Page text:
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UCSB Nanotechnology Breast Cancer Study Receives $2.8 Million Grant

Professor Errki Ruoslahti and his team are developing diagnostic tools to improve early detection and reduce unnecessary procedures

Errki Ruoslahti, professor at UCSB’s Burnham Institute for Medical Research, is the recipient of a $2.8 million award from the Department of Defense for research into detection and therapies for breast cancer using nanotechnology.

“The prevalence of breast cancer and the large number of deaths from this disease underscore the need for a paradigm shift in the strategies toward developing a cure for breast cancer,” Ruoslahti said. “The traditional first-line approach still relies on surgery with chemotherapy for late stage or palliative effect. However, this regimen often fails to eradicate the disease, leading to recurrence and drug-induced side effects that adversely affect quality of life. We envision that the cure for breast cancer can be achieved by strategically integrating early detection with synergistic therapies. We believe that nanotechnology-based engineering solutions can provide the needed changes to drastically improve the cure rates.”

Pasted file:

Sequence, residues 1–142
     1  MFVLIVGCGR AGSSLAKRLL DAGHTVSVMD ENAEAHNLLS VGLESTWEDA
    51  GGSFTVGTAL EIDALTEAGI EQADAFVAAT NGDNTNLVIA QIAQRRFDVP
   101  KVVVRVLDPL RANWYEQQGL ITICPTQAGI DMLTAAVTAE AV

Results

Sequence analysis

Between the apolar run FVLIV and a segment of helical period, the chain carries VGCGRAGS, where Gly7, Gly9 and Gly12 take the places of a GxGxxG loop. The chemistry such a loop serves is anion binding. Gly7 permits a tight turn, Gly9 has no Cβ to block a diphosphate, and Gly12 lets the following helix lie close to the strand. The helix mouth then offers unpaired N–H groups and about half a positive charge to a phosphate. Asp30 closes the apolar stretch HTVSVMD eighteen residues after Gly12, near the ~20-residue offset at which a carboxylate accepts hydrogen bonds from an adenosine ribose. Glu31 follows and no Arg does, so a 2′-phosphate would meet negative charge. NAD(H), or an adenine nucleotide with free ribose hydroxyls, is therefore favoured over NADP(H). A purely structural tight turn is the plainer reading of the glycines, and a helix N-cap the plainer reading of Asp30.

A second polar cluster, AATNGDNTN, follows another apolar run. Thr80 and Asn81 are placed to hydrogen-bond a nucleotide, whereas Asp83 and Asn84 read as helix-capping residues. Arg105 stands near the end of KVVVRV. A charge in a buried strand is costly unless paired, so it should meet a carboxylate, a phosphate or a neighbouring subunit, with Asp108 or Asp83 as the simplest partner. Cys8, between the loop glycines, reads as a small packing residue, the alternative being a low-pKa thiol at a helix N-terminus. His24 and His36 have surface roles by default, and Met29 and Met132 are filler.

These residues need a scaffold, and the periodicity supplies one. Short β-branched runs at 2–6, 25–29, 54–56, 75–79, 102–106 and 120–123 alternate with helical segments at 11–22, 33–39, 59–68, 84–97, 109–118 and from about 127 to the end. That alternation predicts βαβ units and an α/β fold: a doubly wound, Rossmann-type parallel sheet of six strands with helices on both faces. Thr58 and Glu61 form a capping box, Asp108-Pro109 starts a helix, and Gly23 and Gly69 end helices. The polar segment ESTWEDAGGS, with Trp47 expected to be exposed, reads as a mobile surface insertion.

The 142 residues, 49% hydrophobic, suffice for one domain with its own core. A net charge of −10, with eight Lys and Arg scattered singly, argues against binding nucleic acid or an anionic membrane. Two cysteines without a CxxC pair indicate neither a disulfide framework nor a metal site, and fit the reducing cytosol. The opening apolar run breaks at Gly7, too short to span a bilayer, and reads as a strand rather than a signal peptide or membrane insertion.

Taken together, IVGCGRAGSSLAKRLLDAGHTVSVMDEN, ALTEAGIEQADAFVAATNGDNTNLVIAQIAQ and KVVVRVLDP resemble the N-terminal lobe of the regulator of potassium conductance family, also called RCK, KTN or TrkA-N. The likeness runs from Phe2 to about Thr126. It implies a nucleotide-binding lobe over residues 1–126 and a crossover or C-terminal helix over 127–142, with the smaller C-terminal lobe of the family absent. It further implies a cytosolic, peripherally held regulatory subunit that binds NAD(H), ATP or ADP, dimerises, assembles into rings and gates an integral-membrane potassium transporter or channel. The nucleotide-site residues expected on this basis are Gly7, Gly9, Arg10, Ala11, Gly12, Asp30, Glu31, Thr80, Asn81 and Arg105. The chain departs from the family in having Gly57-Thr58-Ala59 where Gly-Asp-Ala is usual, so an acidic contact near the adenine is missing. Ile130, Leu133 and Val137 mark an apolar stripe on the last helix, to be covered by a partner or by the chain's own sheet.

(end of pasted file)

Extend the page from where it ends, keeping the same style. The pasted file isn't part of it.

Ruoslahti’s team is developing new diagnostic tools that will improve early detection while reducing unnecessary procedures. The use of targeted nanoparticles as a contrast agent can improve sensitivity and provide molecular information on suspect lesions that cannot be obtained with MRIs alone. The novel in-vivo tests will add to the diagnostic arsenal by providing information not only on the presence of a tumor, but also on the stage of tumor development.

“As nanoparticles can be engineered to perform many functions, something that cannot be achieved with a simple drug, we can add a specific targeting function to the particles,” Ruoslahti said. “Targeting can concentrate the therapeutic agent in the tumor, improving the efficacy of the treatment and reducing damage to healthy tissues. The diagnostic and therapy functions will be synergistic in that the diagnostic methods will provide information on the efficacy of individual homing peptides in targeting the tumor.”

“Hybrid Nanotechnologies for Detection and Synergistic Therapies for Breast Cancer” is the name of the award that will run through Oct. 20, 2014.

Collaborators on this grant are Roger Tsien of UC San Diego and Shiladitya Sengupta of Brigham and Women’s Hospital, Boston. They each will receive awards.

 

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